Five Fiduciary Failures That Can Land You In Surrogate’s Court

The selection of a fiduciary requires a great deal of care and consideration on the part of an individual preparing their estate plan.  The choice can be difficult, especially if there are a limited amount of possible candidates.  In the end, the decision should turn on one question-who will protect the property and provide for the beneficiaries the best?

For a nominated fiduciary, how they were chosen is far less important than what they were chosen to do.  Far too many fiduciaries are appointed or accept their nomination without fully understanding the duties that they will owe the beneficiaries of the estates and trusts they administer.  These failures can cost an estate or trust thousands and even millions of dollars.  They can also cause a fiduciary to be subject of an action in the Surrogate’s Court.

Understanding these duties is an important part of serving as a fiduciary.  Amongst the duties owed by a fiduciary are:

  1. Duty to prudently invest-A fiduciary must ensure that the assets they are responsible for are invested in a prudent manner given their specific circumstances.  Fiduciaries must prepare an investment strategy that matches the needs of the beneficiaries and gives due consideration to issues of risk, preservation of principal and production of income.
  2. Duty to distribute-In a last will and testament or in a trust, the specific distribution schemes are laid out.  It is expected that a fiduciary will ensure that the property that they collect and administer is distributed in timely and regular payments to the beneficiaries.  While there may be circumstances where a fiduciary is not allowed to distribute or where a distribution is not prudent, a failure to distribute that has no basis is likely to result in unhappy and potentially litigious beneficiaries.
  3. Duty of loyalty to the beneficiaries-A fiduciary is expected to act with greater care and concern towards his or her beneficiaries than a normal standard of care. In addition to having to be honest with the beneficiaries, a fiduciary is generally forbidden from self-dealing with the property they are administering.  A fiduciary cannot compete with the trust or estate they are administering.  When a fiduciary puts his or her interest above or in conflict with the trust or estate they administer, they are setting themselves up for potential litigation.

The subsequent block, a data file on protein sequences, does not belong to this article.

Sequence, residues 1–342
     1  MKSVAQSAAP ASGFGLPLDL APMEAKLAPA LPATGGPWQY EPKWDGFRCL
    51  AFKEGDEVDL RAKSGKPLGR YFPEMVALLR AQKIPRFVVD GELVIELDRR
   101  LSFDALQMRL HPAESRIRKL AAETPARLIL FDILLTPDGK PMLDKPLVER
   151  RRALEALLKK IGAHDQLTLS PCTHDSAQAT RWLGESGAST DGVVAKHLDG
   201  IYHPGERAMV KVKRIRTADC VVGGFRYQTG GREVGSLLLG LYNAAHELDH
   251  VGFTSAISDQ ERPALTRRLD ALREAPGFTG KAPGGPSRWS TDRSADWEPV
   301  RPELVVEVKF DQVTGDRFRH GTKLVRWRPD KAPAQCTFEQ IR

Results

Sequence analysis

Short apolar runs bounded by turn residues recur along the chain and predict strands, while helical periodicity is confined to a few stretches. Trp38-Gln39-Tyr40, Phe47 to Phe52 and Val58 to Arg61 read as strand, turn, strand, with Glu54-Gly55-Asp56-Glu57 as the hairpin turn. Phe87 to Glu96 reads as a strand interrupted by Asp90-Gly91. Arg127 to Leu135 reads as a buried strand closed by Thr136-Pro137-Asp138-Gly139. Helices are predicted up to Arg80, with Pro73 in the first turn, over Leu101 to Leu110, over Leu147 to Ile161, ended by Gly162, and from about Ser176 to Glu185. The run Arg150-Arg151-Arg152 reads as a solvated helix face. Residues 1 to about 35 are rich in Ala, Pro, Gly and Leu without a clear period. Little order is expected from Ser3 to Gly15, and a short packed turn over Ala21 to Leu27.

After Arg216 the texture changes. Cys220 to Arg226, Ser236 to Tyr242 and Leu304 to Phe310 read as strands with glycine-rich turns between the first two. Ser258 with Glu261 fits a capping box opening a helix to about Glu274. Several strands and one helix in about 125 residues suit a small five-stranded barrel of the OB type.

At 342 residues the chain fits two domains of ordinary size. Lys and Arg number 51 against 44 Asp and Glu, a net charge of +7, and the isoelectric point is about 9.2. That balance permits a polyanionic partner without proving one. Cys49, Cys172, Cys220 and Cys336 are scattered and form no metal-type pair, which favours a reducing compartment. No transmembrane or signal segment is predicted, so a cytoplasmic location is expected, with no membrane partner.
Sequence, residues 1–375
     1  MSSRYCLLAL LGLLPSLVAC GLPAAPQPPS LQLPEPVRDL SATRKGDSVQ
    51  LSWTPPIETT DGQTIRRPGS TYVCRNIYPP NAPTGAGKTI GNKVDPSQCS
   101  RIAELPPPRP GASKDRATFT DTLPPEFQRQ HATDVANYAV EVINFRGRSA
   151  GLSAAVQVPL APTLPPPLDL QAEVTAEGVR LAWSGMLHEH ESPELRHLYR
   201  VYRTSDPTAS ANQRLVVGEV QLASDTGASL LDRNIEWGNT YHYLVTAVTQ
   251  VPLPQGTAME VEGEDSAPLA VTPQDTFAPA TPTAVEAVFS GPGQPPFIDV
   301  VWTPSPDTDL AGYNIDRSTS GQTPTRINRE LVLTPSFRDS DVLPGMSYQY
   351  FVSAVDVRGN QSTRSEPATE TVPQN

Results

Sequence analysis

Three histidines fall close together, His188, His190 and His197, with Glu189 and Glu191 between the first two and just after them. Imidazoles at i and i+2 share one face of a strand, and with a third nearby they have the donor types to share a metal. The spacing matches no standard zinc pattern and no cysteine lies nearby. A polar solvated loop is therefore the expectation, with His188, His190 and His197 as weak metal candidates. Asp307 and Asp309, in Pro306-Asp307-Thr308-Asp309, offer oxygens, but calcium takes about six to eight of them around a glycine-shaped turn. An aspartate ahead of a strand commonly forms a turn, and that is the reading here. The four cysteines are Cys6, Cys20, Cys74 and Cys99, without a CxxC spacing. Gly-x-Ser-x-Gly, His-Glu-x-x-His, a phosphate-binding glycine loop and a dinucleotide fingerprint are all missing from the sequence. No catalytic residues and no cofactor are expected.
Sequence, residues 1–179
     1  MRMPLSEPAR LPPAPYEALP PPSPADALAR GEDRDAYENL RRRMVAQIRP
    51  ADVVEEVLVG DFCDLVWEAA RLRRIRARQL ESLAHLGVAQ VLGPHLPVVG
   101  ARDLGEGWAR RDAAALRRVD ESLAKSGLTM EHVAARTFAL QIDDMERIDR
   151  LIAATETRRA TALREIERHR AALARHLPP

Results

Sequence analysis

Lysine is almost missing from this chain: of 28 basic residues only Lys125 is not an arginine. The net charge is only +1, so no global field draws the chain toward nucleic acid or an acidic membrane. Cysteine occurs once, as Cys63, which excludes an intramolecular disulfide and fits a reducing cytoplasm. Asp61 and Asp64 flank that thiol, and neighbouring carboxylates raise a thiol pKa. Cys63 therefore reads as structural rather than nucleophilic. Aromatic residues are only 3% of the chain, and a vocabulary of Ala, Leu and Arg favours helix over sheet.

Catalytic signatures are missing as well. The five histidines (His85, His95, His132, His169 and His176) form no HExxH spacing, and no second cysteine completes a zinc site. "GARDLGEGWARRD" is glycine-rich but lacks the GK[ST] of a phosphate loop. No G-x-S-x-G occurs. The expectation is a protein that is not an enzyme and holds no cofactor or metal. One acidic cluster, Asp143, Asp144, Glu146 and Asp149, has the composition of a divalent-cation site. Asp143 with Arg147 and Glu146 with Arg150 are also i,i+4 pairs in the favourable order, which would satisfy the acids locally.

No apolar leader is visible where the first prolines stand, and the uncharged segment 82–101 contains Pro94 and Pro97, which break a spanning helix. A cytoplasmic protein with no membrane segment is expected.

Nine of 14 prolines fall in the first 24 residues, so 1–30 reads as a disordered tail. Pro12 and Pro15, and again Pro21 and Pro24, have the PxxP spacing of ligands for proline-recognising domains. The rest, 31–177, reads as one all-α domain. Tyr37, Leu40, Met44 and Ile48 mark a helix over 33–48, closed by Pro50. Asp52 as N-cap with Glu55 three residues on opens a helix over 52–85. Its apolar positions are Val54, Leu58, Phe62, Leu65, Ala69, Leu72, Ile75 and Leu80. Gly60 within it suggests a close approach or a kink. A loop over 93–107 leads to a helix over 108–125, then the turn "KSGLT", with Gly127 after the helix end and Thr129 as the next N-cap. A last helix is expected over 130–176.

4. Duty to exercise reasonable care and skill-A fiduciary is not required to have a background in finance, tax or law in order to qualify to serve.  However, a fiduciary is expected to use reasonable care and skill to ensure that the property they are administering is not diminished because of their actions.  A fiduciary can make reasonable mistakes, such as choosing an unsuccessful investment portfolio, but will expose themselves to litigation for failing to take the necessary steps to protect an estate or trust.  Failing to collect assets, failing to file tax returns and other major mistakes should be avoided.
  5. Duty to account and inform beneficiaries-A fiduciary who fulfills his or her other duties to an estate or trust may still find themselves party to litigation if they do not properly account for their actions.  Preparing a formal accounting can be time-consuming and expensive, but usually less cumbersome than litigation.  By providing beneficiaries with periodic informal accountings and additional records upon request, a fiduciary can potentially shield themselves from liability

Abiding by his or her duties is not a guaranty that a fiduciary or estate litigation will not be commenced.  If a fiduciary fulfills their duties, however,  commencing and maintaining a successful litigation becomes much more difficult for the aggrieved beneficiaries.

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